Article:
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Dr Elon Cadogan and Mr Carlos Fuller of the Caribbean Community Climate Change Centre attended the Latin America and Caribbean (LAC) Climate Week in Salvador de Bahia, Brazil from 19 to 23 August 2019.
On Monday, Regional and International Liaison Officer, Carlos Fuller introduced the Integrated Global Greenhouse Gas System (IG3IS) of the World Meteorological Organization (WMO) at a side event on “Science-Based Greenhouse Gas Emission Estimates in Support of National and Sub-National Climate Change Mitigation”. This was followed by presentations on two pilot projects utilizing the system in Recifre, Brazil and Mexico City, Mexico. He then spoke on the need for enhanced Nationally Determined Contributions (NDCs) at a Regional Dialogue on NDCs.
On Wednesday, he was a panelist at the opening of the Climate Week and then moderated a panel discussion which included Ms Lisa Morris Julian, the Mayor of Arima, Trinidad and Tobago, on “Mitigation and Vulnerability Hotspots” as part of a session on “Pathways to a Low-Carbon and Resilient Future in Latin America and the Caribbean Urban Areas and Settlements”. He then delivered a presentation on adaptation on the coastal zone of Belize and facilitated a panel discussion which followed.
Dr Elon Cadogan, the National Project Coordinator for the GCF-funded “Water Sector Resilience Nexus for Sustainability in Barbados Project” delivered a presentation on the project at the Technical Expert Meeting – Mitigation (TEM-M) on “Circular Economy Solutions and Innovations in Water and Energy Management for the Agri-Food Chain”.
The Centre’s team utilized the opportunity to engage with CARICOM representatives attending the LAC Climate Week including officials from Antigua and Barbuda, Barbados, Belize, Grenada, Haiti, Jamaica, St Kitts and Nevis, Saint Lucia, St Vincent and the Grenadines and Trinidad and Tobago and other regional experts.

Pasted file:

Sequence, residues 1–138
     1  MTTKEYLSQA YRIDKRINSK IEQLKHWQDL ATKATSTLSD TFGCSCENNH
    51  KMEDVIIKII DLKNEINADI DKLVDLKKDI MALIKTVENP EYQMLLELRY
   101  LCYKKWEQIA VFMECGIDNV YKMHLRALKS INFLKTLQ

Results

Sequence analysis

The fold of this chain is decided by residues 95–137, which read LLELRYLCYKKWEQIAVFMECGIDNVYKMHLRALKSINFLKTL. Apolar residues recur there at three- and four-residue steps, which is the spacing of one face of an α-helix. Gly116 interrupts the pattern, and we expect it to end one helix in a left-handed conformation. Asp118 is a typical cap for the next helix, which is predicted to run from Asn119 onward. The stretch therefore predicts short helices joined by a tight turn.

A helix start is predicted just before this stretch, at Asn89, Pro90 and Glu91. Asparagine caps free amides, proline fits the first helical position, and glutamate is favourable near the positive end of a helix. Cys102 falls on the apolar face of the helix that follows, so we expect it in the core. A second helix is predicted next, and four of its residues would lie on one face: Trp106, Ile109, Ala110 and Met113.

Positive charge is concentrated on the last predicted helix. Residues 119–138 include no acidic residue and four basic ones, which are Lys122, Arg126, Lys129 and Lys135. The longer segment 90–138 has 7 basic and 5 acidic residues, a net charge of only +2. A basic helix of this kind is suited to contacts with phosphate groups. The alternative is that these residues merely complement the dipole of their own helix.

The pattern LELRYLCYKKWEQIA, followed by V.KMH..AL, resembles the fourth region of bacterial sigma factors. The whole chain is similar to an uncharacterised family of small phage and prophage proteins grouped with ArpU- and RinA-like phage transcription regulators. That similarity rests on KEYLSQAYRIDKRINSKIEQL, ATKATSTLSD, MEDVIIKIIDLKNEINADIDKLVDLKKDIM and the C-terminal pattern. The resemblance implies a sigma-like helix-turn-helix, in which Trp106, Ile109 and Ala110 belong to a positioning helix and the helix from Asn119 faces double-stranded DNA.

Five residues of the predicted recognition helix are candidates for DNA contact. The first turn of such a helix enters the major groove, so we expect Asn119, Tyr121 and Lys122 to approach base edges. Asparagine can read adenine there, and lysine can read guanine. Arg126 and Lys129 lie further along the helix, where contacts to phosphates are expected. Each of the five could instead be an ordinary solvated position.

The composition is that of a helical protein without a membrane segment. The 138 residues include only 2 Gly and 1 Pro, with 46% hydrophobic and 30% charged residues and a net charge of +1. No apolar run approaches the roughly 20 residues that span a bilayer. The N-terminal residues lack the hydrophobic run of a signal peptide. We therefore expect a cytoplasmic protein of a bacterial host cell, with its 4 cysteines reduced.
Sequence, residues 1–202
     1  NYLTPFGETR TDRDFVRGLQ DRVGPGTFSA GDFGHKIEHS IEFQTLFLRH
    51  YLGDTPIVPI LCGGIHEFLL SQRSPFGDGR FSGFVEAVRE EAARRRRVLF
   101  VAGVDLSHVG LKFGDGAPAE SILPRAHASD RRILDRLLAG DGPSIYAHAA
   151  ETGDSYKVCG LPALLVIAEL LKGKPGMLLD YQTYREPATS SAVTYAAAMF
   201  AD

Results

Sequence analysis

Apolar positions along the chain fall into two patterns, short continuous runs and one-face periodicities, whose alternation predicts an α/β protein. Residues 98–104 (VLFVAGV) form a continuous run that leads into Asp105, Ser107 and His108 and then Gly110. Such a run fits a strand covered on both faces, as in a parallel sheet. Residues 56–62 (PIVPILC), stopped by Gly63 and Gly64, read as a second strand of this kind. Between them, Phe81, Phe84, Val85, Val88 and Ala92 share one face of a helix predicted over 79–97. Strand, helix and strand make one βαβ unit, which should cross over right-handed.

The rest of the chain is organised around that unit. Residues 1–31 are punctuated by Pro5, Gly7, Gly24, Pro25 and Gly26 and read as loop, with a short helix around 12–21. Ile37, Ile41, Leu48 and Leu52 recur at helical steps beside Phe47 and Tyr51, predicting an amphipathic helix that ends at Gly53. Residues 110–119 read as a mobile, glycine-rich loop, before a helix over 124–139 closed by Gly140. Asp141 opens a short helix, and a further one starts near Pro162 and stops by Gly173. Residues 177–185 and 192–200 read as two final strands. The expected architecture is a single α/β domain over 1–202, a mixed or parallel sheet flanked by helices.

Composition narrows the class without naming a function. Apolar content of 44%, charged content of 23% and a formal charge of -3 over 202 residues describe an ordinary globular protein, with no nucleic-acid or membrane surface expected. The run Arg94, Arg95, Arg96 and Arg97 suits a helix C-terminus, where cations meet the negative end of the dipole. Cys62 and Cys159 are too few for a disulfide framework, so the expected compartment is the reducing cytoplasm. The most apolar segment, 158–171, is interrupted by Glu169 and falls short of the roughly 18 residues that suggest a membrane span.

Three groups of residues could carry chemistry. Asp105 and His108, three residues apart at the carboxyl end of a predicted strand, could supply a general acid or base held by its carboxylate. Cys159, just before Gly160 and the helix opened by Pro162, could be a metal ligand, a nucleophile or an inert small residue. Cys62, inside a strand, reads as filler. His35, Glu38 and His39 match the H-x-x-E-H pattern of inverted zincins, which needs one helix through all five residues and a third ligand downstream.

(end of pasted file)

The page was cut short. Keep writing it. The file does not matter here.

The 2020 Lac Climate Week will be held in Punta Cana, Dominican Republic.
The Meridian Institute and Climate Development and Knowledge Network (CDKN) recently launched a set of case studies and headline findings on ‘Agriculture and Climate Change: Learning from experience and early interventions.’
Agriculture is on the frontline of climate change impacts and solutions. The scientific community continues to deepen its understanding of how changing temperatures and rainfall patterns, and climate impacts such as salt water intrusion, will affect agricultural yields. Climate change affects the incidence of diseases and pests, as well as beneficial species such as pollinators, and so urges us to reassess the relationships among the many elements of agricultural ecosystems.
Adapting our agricultural systems and practices to these new realities will be essential for human food security and nutrition, as well as for sustaining the other goods and services (including products for fuel and fibre) that such ecosystems provide.
Many aspects of farming practice affect greenhouse gas emissions and are important to the conversation on climate mitigation. Some farming systems generate significant emissions but, with some modification, these emissions could be reduced. Introducing new forms of land management and inputs (for fertility and pest control) can make a big difference to agriculture’s carbon footprint.
CDKN has been supporting the Meridian Institute since November 2011 to convene a dialogue among developing country leaders on how agriculture’s contribution to climate change adaptation and mitigation could be effectively taken forward under the United Nations Framework Convention on Climate Change (UNFCCC). As detailed in our project description and the Meridian Institute’s website, Meridian facilitated these dialogues throughout 2012-13 and produced a set of case studies and briefing notes to support the discussions.
Practical case studies of early efforts to develop climate-smart agriculture are now presented in a collected volume, available for download here.
The collection aims to provide comparison across diverse initiatives from Ethiopia, Kenya, Malawi and Zambia to Vietnam, Nepal, and India, to Bolivia. For each pilot initiative, programme managers present:
- The objectives of the initiative
- Funding arrangements
- How local capacities and community involvement are engendered
- How success is defined and measured and
- Outcomes and lessons learned.
Sam Bickersteth, CDKN’s Chief Executive and an agriculture specialist, outlines the current status of agriculture talks within the UNFCCC here.
For additional resources including a graphical summary of the workshop at which the case studies were presented, a film of panel presentations, and PowerPoint slides, please visit: http://www.climate-agriculture.org/LEEI.aspx
*This article was published by CDKN Global | on: 2pm, April 19th, 2013